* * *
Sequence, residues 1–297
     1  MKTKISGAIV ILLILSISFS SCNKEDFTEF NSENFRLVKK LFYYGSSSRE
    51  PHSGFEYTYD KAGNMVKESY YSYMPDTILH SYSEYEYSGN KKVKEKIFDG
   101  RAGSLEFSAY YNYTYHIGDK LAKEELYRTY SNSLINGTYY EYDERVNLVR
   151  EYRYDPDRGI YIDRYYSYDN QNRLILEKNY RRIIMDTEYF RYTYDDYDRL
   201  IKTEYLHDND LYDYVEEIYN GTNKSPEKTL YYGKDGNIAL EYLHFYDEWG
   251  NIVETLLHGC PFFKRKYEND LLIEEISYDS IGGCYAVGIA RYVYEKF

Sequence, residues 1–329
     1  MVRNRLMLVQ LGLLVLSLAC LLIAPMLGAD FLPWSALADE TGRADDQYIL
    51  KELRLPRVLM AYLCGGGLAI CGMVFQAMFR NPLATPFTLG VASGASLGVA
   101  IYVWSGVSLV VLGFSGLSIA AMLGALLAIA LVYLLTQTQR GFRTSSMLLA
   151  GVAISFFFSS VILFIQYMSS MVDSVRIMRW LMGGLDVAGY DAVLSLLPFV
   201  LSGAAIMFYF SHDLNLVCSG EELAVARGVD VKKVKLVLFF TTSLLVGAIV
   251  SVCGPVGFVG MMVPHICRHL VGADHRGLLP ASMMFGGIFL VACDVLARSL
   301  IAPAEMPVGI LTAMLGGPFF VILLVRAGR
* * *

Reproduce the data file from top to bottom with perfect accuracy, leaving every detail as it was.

Sequence, residues 1–297
     1  MKTKISGAIV ILLILSISFS SCNKEDFTEF NSENFRLVKK LFYYGSSSRE
    51  PHSGFEYTYD KAGNMVKESY YSYMPDTILH SYSEYEYSGN KKVKEKIFDG
   101  RAGSLEFSAY YNYTYHIGDK LAKEELYRTY SNSLINGTYY EYDERVNLVR
   151  EYRYDPDRGI YIDRYYSYDN QNRLILEKNY RRIIMDTEYF RYTYDDYDRL
   201  IKTEYLHDND LYDYVEEIYN GTNKSPEKTL YYGKDGNIAL EYLHFYDEWG
   251  NIVETLLHGC PFFKRKYEND LLIEEISYDS IGGCYAVGIA RYVYEKF

Sequence, residues 1–329
     1  MVRNRLMLVQ LGLLVLSLAC LLIAPMLGAD FLPWSALADE TGRADDQYIL
    51  KELRLPRVLM AYLCGGGLAI CGMVFQAMFR NPLATPFTLG VASGASLGVA
   101  IYVWSGVSLV VLGFSGLSIA AMLGALLAIA LVYLLTQTQR GFRTSSMLLA
   151  GVAISFFFSS VILFIQYMSS MVDSVRIMRW LMGGLDVAGY DAVLSLLPFV
   201  LSGAAIMFYF SHDLNLVCSG EELAVARGVD VKKVKLVLFF TTSLLVGAIV
   251  SVCGPVGFVG MMVPHICRHL VGADHRGLLP ASMMFGGIFL VACDVLARSL
   301  IAPAEMPVGI LTAMLGGPFF VILLVRAGR